Civilian groups[edit]

Bolivarian Militia and colectivos[edit]

On 1 February 2017, President Maduro announced that the Bolivarian Militia would be directed towards an anti-protest objective, saying that his supporters "will multiply throughout the territory, special forces of rapid action, special troops of the militias ... to make our homeland impregnable".[139]

Two days before the Mother of All Marches, President Maduro on 17 April ordered the expansion of the Bolivarian Militia to involve 500,000 loyal Venezuelans, stating that each would be armed with a rifle and demanded the prevention of another event similar to the 2002 Venezuelan coup d'état attempt.[140]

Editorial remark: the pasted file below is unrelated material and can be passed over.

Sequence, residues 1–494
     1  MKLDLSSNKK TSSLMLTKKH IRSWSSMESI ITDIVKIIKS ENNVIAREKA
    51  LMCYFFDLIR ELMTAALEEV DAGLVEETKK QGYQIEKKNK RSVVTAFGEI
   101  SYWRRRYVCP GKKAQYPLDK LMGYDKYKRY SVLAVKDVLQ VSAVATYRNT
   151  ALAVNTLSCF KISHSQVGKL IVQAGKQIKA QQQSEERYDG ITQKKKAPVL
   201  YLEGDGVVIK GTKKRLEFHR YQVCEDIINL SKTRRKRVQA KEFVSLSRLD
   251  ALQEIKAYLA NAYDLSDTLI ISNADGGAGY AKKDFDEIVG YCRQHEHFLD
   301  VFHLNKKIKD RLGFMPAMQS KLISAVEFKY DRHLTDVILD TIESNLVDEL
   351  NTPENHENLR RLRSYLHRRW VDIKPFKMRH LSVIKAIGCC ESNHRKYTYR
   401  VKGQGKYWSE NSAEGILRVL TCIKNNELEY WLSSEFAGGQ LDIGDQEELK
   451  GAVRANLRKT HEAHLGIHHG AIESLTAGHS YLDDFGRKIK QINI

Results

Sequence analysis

Diosdado Cabello, a high-level PSUV official loyal to the government, stated that 60,000 motorized colectivos and the Bolivarian Militia would be spread throughout Caracas on 19 April "until necessary" to deter the opposition's "megamarch", calling their actions "terrorism".[141]

Observatorio Venezolano de Conflictividad Social stated that between 1 April 2017 and 31 July 2017, colectivos attacked at least 523 of 6,729 of protests – or about 8% of protests – with bullet wounds reported in the majority of the protests where colectivos were involved.[8]

Ban on imports[edit]

The Venezuelan government on 27 May began to block the import of first aid kits, gas masks, gauze, eye drops, and bullet-proof vests, among other products, stating that the goods were to be used by terrorists.[142][143]


Attacks on journalists[edit]

In the early days of the protests on 12 April, the Committee to Protect Journalists (CPJ) issued an advisory to journalists, stating:[144]